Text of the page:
Come with me if you will sports fans on a field trip. We will go through a hall of fame, a retirement and the classroom.
Lacrosse legend Mason "Daffy" Russell and former football star and coach Del. Michael Busch will head a list of six inductees at the first St. Mary's High Athletic Hall of Fame ceremony on Saturday, April 4 at the school.
"It's been a long time coming, and we feel we've got six outstanding inductees for our inaugural," said Doug Macey, a former Saints football coach and longtime booster.
Joining Russell and Busch as the inductees are former three-sport standouts James Keating and Susan Powers Stocker, and ex-lacrosse stars James "Cork" Kimball and Eddie Mullen.
Russell was inducted into the Anne Arundel County Sports Hall of Fame last October after going into the National Lacrosse Hall of Fame in 1989. The 81-year-old is known as the "Father of Anne Arundel County Lacrosse" for his 60-year association with the sport.
"Three or four years ago, nobody knew who in the hell I was, now everybody in the world knows who I am," joked Daffy.
After founding theAnnapolis High school lacrosse program in 1929, Daffy's encore was to commence the storied St. Mary's stick program in 1950 with Eddie Coughlin.
Russell built a winning tradition at St. Mary's that has been carried on by current coach Jim Moorhead, who took the reins fromKen Winegrad in 1980. Russell also coached football and served as the school's athletic director for more than a decade.
The Maryland Athletic Director's Hall of Fame inducted him in 1985.
It was onlya couple of years ago that Daffy gave up coaching JV football and lacrosse at St. Mary's, but the ageless wonder can't stay away.
"I introduce him as the man who invented the game," laughed Zohn Lamon, who coaches a youth team for the Elks club in Annapolis with Daffy as an assistant.
Macey said, "Daffy just can't stay away from the kids, loves being out there."
Busch presented Russell at the Anne Arundel County Hall of Fame and once played football for him. Busch, a 1963 grad, commuted from Glen Burnie every day to attend St. Mary's and became a standout running back.
In his senior year, Busch won the Rhodes Trophy presented by the Annapolis Touchdown Club to the county's most outstanding football player. Busch received a scholarship to Temple University, but a knee injury ended a promising collegiate career.
Busch returned to his alma mater as head football coach andafter an 8-2 campaign in 1977, led the Saints to a conference championship and their best-ever football season in 1978 at 9-0-1.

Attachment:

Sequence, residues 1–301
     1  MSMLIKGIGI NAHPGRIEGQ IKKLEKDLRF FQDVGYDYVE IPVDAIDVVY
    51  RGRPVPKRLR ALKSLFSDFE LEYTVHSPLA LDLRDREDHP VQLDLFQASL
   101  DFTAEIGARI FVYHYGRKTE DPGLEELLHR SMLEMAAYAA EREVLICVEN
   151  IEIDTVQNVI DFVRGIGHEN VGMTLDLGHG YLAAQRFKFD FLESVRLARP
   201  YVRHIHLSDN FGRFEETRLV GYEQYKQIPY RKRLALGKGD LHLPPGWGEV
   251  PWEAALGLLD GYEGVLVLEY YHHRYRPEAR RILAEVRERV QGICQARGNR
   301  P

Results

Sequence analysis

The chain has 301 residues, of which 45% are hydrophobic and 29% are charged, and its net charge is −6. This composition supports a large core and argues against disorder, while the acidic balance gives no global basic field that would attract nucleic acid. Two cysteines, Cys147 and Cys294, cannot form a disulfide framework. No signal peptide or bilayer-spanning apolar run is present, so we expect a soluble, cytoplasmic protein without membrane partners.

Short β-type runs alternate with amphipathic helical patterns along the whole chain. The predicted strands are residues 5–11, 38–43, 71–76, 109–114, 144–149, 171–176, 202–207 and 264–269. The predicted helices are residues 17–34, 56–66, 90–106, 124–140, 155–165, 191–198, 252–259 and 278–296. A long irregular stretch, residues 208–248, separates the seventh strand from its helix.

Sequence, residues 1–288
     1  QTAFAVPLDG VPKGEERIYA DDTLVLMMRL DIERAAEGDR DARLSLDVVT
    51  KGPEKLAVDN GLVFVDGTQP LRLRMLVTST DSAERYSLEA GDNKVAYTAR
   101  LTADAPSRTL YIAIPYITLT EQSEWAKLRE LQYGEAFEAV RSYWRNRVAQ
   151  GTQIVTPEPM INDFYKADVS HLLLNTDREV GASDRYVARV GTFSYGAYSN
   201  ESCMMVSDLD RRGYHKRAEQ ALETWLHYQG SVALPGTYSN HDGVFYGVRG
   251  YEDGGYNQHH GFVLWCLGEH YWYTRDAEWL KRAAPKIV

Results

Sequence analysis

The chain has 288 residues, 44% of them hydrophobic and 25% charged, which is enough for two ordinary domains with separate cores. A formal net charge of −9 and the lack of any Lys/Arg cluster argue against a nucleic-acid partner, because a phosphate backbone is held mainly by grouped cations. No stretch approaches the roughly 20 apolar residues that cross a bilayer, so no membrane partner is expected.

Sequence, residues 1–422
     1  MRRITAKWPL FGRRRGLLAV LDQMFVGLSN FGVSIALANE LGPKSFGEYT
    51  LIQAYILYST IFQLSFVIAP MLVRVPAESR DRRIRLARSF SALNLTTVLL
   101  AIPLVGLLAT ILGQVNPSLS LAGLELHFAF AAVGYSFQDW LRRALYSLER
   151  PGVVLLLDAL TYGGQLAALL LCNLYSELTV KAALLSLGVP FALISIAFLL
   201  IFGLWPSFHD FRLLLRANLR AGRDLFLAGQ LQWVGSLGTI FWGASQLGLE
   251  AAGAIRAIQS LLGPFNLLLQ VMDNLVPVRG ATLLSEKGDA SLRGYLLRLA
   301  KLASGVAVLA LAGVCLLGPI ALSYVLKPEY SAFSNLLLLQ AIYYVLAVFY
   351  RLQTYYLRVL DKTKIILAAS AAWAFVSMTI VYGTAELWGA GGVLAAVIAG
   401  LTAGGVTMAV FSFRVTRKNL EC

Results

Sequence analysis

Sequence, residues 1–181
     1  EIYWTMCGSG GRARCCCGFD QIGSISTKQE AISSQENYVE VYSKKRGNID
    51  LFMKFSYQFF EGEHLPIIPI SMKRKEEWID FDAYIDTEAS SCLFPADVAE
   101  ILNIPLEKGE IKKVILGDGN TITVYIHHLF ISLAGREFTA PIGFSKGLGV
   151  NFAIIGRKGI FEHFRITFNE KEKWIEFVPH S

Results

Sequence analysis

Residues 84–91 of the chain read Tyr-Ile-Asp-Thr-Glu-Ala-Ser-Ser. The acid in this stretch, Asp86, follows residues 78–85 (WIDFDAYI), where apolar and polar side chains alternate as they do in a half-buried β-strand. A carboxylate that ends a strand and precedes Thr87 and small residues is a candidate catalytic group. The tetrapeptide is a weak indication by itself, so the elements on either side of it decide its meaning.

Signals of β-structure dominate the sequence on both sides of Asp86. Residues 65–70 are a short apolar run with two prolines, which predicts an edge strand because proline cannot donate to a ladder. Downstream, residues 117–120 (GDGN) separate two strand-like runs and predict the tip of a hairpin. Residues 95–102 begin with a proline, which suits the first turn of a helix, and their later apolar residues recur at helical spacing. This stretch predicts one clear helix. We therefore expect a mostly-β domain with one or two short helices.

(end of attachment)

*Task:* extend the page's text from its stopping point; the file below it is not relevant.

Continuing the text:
Afterstepping down as Saints' football coach, Busch joined the county Recreation and Parks Department as athletic supervisor and recently was promoted to an assistant to the director position.
Busch is also arepresentative in the Maryland House of Delegates, heading up the county delegation.
Keating, who graduated from St. Mary's in 1952 after starring in football, basketball and lacrosse, became an All-American in lacrosse at the University of Maryland.
Later, Keating wasathletic director at the United States Air Force Academy in ColoradoSprings and currently resides in Florida.
Kimball and Mullen, both Russell proteges, were also lacrosse standouts graduating in 1951 and 1973, respectively. Kimball attended Notre Dame Prep School and Mullen went on to become an All-American at Maryland.
Powers Stockerwas one of the finest female athletes to ever come out of the county. The 1975 graduate sparkled in field hockey, basketball and softball. She lives in Washington state.
Macey says tickets to the inaugural gala are available in the school's development and alumni office or you can call him at 269-6611. Tickets are $25 per person, and the ceremony will go from 6:30 to 10 p.m.
"Each inductee will receive aplaque, and we will showcase duplicate plaques in a trophy case in the school," said Macey.
Another big affair is Thursday, April2 at Michael's Eighth Avenue in Glen Burnie. That night the county and friends will honor outgoing director of Rec and Parks, Joe McCann.
McCann recently announced his retirement after serving under fourcounty executives -- Joe Alton, Bob Pascal, Jim Lighthizer and Bob Neall, and a retirement dinner is scheduled in his honor.
During his tenure as director of Rec and Parks from 1975 to present, McCann has been responsible for 5,000 acres and 12 waterfront miles of parkland. During his administration, the Rec and Parks operating budget exploded, going from $800,000 to well into the double-digit millions.
Among McCann's proudest projects are the development of the 360-acre Quiet Waters Farm, Downs Park, the B & A Trail and the state-of-the-art baseball facility, Joe Cannon Stadium.
McCann also is credited with de-emphasizing competitiveness in youth sports by limiting the number of games the county will sanction in any sports season.